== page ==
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2 who aided victims meet again in Dorchester

Larry Hittinger (left) and Michael Ward embraced after reconnecting for the first time since the Boston Marathon.

Jessica Rinaldi for The Boston Globe

Larry Hittinger (left) and Michael Ward embraced after reconnecting for the first time since the Boston Marathon.

Larry Hittinger and Michael Ward first encountered each other in the chaotic aftermath of the Marathon bombings, when they helped a young, injured boy and carried him to EMTs.

In the month since, Hittinger, an ironworker from Melrose whose formal medical training ended with a first aid class 35 years ago, said he hadn’t talked to anyone who, like him, ran toward the explosions to help.

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“I always wondered who the other people were,” Hittinger said. “I always wondered who was there, who helped.”

At a Dorchester event to raise money for victims of the Bombing on Sunday, Hittinger officially met Ward, a Massport fire lieutenant and EMT from Charlestown.

A friend pointed out Ward to Hittinger, who realized he was looking at the man who was next to him in a widely circulated photo in which the two are helping to carry a young, injured boy covered in a white cloth after the bombing.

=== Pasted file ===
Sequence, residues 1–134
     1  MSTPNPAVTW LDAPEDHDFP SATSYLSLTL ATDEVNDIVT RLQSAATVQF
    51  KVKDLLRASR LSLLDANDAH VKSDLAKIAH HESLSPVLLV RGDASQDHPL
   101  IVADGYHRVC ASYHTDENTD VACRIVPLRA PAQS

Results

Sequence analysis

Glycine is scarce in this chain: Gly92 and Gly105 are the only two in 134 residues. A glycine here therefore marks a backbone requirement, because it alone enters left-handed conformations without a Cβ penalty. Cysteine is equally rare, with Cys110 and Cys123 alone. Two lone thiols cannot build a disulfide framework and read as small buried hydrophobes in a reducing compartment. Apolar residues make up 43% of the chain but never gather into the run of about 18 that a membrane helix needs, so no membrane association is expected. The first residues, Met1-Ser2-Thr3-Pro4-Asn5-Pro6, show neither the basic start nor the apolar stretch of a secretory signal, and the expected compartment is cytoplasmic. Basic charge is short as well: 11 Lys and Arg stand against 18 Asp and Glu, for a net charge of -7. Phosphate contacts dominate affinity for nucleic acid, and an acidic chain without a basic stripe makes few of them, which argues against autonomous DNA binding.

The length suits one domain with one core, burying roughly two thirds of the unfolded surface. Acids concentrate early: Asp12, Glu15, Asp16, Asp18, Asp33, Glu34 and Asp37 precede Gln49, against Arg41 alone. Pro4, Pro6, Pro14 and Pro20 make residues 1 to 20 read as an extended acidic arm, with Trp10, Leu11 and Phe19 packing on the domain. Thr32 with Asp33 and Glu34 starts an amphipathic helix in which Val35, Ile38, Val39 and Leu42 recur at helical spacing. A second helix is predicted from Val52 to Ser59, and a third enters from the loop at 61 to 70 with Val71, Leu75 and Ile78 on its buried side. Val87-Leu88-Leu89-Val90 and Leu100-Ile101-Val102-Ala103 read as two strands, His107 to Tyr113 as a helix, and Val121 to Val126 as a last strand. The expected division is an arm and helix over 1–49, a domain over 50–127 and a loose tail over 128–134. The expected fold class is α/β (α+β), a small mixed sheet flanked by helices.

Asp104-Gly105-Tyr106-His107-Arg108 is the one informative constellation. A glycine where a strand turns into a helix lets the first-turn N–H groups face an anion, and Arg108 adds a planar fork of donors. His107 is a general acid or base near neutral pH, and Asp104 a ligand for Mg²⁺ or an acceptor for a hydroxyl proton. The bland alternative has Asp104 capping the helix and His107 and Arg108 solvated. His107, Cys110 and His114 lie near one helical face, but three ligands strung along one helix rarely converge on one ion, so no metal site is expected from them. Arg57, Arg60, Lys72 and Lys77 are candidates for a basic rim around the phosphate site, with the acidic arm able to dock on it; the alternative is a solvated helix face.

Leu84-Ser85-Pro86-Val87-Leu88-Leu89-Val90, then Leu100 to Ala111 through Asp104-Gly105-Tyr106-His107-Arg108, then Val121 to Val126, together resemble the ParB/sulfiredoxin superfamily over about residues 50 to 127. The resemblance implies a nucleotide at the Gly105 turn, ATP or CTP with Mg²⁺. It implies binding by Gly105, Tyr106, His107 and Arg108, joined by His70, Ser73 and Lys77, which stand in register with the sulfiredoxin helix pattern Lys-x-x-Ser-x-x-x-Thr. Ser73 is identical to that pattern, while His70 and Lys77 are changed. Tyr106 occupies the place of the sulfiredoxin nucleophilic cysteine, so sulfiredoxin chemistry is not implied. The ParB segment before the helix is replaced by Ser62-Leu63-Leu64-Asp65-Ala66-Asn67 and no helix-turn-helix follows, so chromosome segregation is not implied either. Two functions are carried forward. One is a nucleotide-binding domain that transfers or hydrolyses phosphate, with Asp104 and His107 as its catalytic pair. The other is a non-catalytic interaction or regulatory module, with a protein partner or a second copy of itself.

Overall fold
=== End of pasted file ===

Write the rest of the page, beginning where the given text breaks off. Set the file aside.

Hittinger and Ward spoke for about an hour Sunday. Together, they tried to piece together what happened in the minutes after two bombs exploded on Boylston Street on April 15, killing three and injuring more than 260.

When the first bomb exploded, Ward had just found a spot near a barrier close to Fairfield and Boylston streets and was cheering for runners. Hittinger had just finished a meal at Atlantic Fish Co., next to the location of the second bomb.

Both men said they were afraid a third bomb could explode. Hittinger said he ran down Boylston Street, checking manhole covers to see if any looked like they were recently moved, perhaps to plant a bomb. Then they turned to the victims, who were bleeding, burnt, covered in soot, and terrified. “You couldn’t tell if [victims] were black or white, you couldn’t tell if [victims] were boy or girl,” Hittinger said.

Ward made a decision. “I thought, I could die here, but I’m not leaving these people,” he said.

Ward said he saw Hittinger, calm and focused, and assumed he was a police detective.

“I thought you were in public safety or something,” Ward said. “The way you reacted, your head was very deliberate.”

Hittinger stayed with the injured boy they carried in the photo, and Ward helped other victims. Ward said he would like to meet more of the victims he saw and helped, but that he wouldn’t want to be a bother.

Ward and Hittinger exchanged contact information and hugged. “God bless what you did,” Ward said. “I’ve been looking for you. You saved a lot of people that day.”

Gal Tziperman Lotan can be reached at gal.lotan@globe.com.
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